Unchallenged sovereign or Papal control over currencies persisted through the Middle Ages until England broke the mould in 1666. Benes and Kumhof say this was the start of the boom-bust era.

One might equally say that this opened the way to England’s agricultural revolution in the early 18th Century, the industrial revolution soon after, and the greatest economic and technological leap ever seen. But let us not quibble.

The original authors of the Chicago Plan were responding to the Great Depression. They believed it was possible to prevent the social havoc caused by wild swings from boom to bust, and to do so without crimping economic dynamism.

The benign side-effect of their proposals would be a switch from national debt to national surplus, as if by magic. “Because under the Chicago Plan banks have to borrow reserves from the treasury to fully back liabilities, the government acquires a very large asset vis-à-vis banks. Our analysis finds that the government is left with a much lower, in fact negative, net debt burden.”

The IMF paper says total liabilities of the US financial system - including shadow banking - are about 200pc of GDP. The new reserve rule would create a windfall. This would be used for a “potentially a very large, buy-back of private debt”, perhaps 100pc of GDP.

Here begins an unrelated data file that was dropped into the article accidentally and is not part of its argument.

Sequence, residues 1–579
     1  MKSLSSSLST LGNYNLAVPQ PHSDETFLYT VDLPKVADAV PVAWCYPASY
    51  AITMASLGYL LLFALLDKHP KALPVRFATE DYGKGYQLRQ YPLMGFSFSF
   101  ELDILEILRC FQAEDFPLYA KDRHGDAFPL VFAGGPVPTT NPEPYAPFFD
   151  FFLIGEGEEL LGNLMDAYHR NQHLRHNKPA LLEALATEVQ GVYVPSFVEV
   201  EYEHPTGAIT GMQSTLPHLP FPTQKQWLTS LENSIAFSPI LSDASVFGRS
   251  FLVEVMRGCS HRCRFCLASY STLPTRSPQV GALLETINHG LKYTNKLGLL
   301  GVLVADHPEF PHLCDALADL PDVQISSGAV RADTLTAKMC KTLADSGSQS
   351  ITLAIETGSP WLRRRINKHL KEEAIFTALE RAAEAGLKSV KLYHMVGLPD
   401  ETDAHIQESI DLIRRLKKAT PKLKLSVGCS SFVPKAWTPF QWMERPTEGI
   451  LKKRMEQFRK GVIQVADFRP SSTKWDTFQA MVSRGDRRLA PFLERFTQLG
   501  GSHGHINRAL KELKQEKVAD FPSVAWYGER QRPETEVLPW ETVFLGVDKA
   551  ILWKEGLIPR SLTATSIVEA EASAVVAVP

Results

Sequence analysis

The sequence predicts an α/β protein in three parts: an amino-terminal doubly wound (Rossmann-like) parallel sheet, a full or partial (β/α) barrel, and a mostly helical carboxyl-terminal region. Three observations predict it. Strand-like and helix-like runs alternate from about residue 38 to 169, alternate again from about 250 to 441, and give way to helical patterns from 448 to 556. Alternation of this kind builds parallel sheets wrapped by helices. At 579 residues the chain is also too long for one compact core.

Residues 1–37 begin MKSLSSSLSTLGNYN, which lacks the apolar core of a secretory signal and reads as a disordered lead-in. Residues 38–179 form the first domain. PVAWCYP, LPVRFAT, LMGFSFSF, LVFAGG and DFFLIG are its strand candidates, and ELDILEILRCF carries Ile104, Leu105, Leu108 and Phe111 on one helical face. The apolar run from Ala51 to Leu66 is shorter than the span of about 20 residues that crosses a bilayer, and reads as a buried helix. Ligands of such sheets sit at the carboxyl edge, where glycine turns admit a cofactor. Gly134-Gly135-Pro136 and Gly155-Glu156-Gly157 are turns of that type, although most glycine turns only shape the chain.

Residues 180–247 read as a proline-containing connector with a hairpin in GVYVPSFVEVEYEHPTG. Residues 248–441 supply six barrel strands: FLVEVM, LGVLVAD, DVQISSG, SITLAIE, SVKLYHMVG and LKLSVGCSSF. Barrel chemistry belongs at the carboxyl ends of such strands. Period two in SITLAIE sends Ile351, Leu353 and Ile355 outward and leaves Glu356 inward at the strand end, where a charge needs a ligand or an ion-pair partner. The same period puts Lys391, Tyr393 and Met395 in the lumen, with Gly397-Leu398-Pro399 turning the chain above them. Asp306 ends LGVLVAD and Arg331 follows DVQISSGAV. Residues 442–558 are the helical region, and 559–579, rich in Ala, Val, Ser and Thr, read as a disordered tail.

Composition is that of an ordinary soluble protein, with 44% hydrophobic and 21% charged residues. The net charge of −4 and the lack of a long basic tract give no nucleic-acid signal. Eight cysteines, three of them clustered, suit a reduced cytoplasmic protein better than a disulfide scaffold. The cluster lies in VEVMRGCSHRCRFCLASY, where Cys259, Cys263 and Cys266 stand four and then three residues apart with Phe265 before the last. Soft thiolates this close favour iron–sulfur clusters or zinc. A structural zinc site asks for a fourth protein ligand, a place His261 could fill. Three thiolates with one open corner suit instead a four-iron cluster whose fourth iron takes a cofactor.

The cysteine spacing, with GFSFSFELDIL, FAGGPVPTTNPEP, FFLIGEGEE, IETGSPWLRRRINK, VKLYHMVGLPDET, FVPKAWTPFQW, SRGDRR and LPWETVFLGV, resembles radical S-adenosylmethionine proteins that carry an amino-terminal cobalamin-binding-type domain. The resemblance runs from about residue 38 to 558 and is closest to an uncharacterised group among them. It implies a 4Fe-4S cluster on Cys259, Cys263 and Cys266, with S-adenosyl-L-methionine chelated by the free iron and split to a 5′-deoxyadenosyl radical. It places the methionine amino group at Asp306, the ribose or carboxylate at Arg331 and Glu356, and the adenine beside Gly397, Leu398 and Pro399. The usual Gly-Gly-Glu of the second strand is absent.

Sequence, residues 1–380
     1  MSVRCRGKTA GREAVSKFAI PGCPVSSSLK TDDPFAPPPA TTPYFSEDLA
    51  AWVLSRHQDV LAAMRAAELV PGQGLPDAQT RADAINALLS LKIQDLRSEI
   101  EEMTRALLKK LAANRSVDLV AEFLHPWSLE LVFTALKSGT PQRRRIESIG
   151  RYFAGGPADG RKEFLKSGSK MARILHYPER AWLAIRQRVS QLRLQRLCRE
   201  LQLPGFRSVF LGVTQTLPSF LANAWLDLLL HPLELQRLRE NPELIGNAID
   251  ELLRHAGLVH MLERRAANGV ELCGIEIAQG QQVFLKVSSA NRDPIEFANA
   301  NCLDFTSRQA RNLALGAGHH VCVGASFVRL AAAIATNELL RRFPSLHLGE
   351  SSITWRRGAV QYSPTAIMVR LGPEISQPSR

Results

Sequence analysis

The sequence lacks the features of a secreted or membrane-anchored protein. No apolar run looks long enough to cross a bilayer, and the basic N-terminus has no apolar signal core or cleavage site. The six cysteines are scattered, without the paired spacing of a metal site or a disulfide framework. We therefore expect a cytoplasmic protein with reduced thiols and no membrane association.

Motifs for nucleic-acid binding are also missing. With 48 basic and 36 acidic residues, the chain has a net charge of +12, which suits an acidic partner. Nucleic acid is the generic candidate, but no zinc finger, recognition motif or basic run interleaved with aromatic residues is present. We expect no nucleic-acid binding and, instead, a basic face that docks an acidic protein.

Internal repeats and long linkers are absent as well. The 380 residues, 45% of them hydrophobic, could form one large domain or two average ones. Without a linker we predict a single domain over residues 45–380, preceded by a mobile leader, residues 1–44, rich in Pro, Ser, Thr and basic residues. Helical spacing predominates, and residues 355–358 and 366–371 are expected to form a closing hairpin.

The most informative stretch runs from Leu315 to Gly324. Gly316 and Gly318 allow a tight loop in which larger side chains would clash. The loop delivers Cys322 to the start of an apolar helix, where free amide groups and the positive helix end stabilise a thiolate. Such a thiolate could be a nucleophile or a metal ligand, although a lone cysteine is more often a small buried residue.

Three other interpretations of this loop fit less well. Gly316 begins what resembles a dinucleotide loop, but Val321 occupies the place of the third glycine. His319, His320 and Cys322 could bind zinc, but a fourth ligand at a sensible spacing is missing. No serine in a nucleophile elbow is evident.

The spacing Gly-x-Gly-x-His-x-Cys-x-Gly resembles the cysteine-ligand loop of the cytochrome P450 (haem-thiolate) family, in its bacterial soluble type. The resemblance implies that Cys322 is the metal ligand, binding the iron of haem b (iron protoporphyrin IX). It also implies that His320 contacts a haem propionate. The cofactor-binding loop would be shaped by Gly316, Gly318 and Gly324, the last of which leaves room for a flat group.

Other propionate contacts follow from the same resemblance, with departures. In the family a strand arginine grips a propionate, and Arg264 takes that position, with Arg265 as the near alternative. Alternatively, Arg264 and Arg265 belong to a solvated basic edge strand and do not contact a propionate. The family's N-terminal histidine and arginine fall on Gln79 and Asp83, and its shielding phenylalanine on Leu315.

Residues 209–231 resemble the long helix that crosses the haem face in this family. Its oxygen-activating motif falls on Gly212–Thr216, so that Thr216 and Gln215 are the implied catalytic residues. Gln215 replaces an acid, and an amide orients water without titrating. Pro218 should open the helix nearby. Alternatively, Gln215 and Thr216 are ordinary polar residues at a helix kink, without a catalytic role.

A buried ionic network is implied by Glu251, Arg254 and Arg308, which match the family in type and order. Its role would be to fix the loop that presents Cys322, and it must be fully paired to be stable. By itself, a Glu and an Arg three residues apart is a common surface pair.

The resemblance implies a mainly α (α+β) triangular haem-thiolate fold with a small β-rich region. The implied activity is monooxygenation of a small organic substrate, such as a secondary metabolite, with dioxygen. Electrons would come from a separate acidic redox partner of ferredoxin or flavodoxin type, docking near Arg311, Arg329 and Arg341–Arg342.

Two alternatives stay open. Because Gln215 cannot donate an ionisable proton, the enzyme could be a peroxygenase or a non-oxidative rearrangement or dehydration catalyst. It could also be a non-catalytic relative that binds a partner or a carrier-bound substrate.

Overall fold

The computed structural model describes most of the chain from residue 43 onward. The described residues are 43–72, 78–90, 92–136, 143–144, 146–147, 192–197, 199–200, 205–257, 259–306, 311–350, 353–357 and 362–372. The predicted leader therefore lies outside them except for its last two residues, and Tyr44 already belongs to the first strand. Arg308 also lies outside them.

While Washington would issue much more fiat money, this would not be redeemable. It would be an equity of the commonwealth, not debt.

The key of the Chicago Plan was to separate the “monetary and credit functions” of the banking system. “The quantity of money and the quantity of credit would become completely independent of each other.”

Private lenders would no longer be able to create new deposits “ex nihilo”. New bank credit would have to be financed by retained earnings.

"The control of credit growth would become much more straightforward because banks would no longer be able, as they are today, to generate their own funding, deposits, in the act of lending, an extraordinary privilege that is not enjoyed by any other type of business," says the IMF paper.

"Rather, banks would become what many erroneously believe them to be today, pure intermediaries that depend on obtaining outside funding before being able to lend."

The US Federal Reserve would take real control over the money supply for the first time, making it easier to manage inflation. It was precisely for this reason that Milton Friedman called for 100pc reserve backing in 1967. Even the great free marketeer implicitly favoured a clamp-down on private money.

The switch would engender a 10pc boost to long-arm economic output. “None of these benefits come at the expense of diminishing the core useful functions of a private financial system.”